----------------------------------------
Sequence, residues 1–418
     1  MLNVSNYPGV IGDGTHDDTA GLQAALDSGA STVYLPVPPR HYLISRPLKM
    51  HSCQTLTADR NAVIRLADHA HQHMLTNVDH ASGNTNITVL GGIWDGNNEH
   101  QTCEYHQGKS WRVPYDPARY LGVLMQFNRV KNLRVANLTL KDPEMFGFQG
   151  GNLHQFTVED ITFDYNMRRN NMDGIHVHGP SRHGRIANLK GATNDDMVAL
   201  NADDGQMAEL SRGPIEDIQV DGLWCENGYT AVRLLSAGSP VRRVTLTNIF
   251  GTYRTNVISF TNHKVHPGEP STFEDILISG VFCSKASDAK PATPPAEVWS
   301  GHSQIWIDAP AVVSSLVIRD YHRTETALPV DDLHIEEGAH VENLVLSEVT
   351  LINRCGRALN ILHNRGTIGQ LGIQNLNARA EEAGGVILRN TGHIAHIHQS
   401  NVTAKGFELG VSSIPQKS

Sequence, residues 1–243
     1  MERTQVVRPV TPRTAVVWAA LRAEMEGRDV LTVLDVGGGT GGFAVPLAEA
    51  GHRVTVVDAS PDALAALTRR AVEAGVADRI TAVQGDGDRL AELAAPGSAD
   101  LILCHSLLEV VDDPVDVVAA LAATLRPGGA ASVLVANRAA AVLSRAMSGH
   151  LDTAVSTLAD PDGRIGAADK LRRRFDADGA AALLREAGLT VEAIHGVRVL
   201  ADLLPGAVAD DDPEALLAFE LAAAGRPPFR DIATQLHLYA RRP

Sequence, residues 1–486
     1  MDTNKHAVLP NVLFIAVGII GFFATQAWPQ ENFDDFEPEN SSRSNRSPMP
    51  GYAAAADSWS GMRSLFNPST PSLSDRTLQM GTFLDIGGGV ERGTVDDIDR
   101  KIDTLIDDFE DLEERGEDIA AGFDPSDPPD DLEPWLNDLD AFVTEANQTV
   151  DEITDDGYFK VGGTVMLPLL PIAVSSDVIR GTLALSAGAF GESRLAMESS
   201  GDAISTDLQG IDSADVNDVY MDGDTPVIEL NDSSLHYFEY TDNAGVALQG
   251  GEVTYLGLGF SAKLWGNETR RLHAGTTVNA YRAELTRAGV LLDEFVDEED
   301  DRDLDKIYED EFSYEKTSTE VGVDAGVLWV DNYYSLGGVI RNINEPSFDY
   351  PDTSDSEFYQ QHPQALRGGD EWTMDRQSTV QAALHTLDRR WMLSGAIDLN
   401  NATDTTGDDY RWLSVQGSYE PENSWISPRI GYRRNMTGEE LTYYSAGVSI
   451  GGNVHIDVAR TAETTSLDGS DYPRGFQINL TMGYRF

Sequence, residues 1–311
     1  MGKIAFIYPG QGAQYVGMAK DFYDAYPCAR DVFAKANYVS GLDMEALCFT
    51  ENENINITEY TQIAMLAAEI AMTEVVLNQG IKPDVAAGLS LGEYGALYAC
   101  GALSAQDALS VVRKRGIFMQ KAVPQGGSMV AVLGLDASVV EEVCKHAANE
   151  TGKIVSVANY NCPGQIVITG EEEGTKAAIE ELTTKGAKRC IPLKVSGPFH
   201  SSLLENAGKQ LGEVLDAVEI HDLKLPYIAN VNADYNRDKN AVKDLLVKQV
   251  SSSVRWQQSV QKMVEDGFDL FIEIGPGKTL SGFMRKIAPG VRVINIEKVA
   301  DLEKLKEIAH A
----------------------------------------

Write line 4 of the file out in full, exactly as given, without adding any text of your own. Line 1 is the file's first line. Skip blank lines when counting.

   101  QTCEYHQGKS WRVPYDPARY LGVLMQFNRV KNLRVANLTL KDPEMFGFQG